How Retail Clinicians Can Help Smokers Quit


Many smokers may be resolving to turn over a new leaf in 2016 by kicking the habit for good.

Many smokers may be resolving to turn over a new leaf in 2016 by kicking the habit for good.

While quitting tobacco can prove challenging, retail clinicians are ideally situated to help smokers combat their addiction.

In apreviousinterview, Bill Blatt, MPH, director of tobacco programs for the American Lung Association, offered several suggestions for providers looking to encourage smoking cessation, including:

  • Use any clinic visit as an opportunity to ask patients whether or not they smoke, and emphasize the importance of quitting if they do.
  • Recommend the use of a smoking cessation medication currently available in the United States. These options include 5 OTC nicotine replacement products (patches, gum, inhalers, nasal sprays, and lozenges) and 2 prescription drugs: Pfizer’s Chantix and GlaxoSmithKline’s bupropion (Zyban).Monitor the effectiveness of smoking cessation medications in patients taking such drugs.Work with pharmacists to ensure that there are no interactions between currently prescribed medications and either smoking cessation drugs or the tobacco product itself.
  • Refer patients to a hotline available in each state (1-800-QUIT-NOW) that can provide support and direct patients to additional local resources.

There are also a number ofhealth benefitsassociated with smoking cessation that clinicians can communicate to their patients.

For example, quitting tobacco can:

  • Significantly reduce the risk of premature death.
  • Reduce the risk of developing chronic obstructive pulmonary disease and other respiratory symptoms.
  • Decrease the risk of stroke and peripheral vascular disease.
  • Improve circulation and lung function by up to 30%.
  • Reduce the risk of low birth weight, preterm delivery, and decreased fertility in women.
  • Significantly reduce the risk of coronary heart disease within 1 to 2 years.
  • Decrease the risk of lung cancer by 50% after 10 years.

Although health care providers have served on the frontlines of the fight against tobacco-related illness, there have also been efforts by policymakers to discourage smoking altogether.

In response to a 2009 law requiring warning labels to appear on all cigarette packs, the FDA developed several particularly graphic images, including one of a man smoking through a tracheostomy. A federal appeals court, however, deemed the proposed warnings to be unconstitutional, ruling that the images were “unabashed attempts to evoke emotion...and browbeat consumers into quitting.”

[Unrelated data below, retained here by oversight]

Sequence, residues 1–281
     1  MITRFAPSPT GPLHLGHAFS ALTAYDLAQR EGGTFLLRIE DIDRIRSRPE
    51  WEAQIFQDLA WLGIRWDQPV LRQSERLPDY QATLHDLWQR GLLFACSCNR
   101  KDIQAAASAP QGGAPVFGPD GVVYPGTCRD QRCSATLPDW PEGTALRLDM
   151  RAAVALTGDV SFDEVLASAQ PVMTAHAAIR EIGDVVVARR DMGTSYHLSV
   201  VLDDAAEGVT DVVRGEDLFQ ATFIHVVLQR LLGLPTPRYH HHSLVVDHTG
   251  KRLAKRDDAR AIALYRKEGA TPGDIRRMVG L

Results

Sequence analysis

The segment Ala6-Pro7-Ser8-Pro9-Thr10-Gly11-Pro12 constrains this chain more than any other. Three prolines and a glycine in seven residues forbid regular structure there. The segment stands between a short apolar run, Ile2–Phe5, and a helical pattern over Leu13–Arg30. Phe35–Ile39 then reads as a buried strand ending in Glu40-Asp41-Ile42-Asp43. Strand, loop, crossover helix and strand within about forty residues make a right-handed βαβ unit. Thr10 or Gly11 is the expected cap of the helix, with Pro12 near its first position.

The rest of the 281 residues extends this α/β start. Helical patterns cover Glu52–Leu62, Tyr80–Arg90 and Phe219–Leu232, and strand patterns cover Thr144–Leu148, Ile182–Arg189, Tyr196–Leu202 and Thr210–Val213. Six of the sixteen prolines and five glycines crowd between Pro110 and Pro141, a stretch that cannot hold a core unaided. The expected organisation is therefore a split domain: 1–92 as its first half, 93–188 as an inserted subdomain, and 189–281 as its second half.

The FDA’s rejected images recently became the focus of a study that sought to examine the effect of graphic warnings on smokers.

The researchers found that smokers who saw these graphic warning labels on every pack of cigarettes they smoked for 4 weeks felt worse about their habit than those who saw just text warnings. This, in turn, led those in the former group to take the warnings more seriously and made them more likely to consider quitting.

The study authors ultimately determined that graphic warning labels had a small yet notable effect on encouraging smoking cessation, and they suggested that the appeals court was mistaken in its earlier decision.

“Smokers weren't browbeaten by the images. The images definitely did stir their emotions, but those emotions led them to think more carefully about the risks of smoking and how those risks affected them,” said study co-author Ellen Peters, PhD, in a press release. “What the court is missing is that without emotions, we can't make decisions. We require having feelings about information we collect in order to feel motivated to act. These graphic warnings helped people to think more carefully about the risks and to consider them more.”

The study was published inPLOS ONE.

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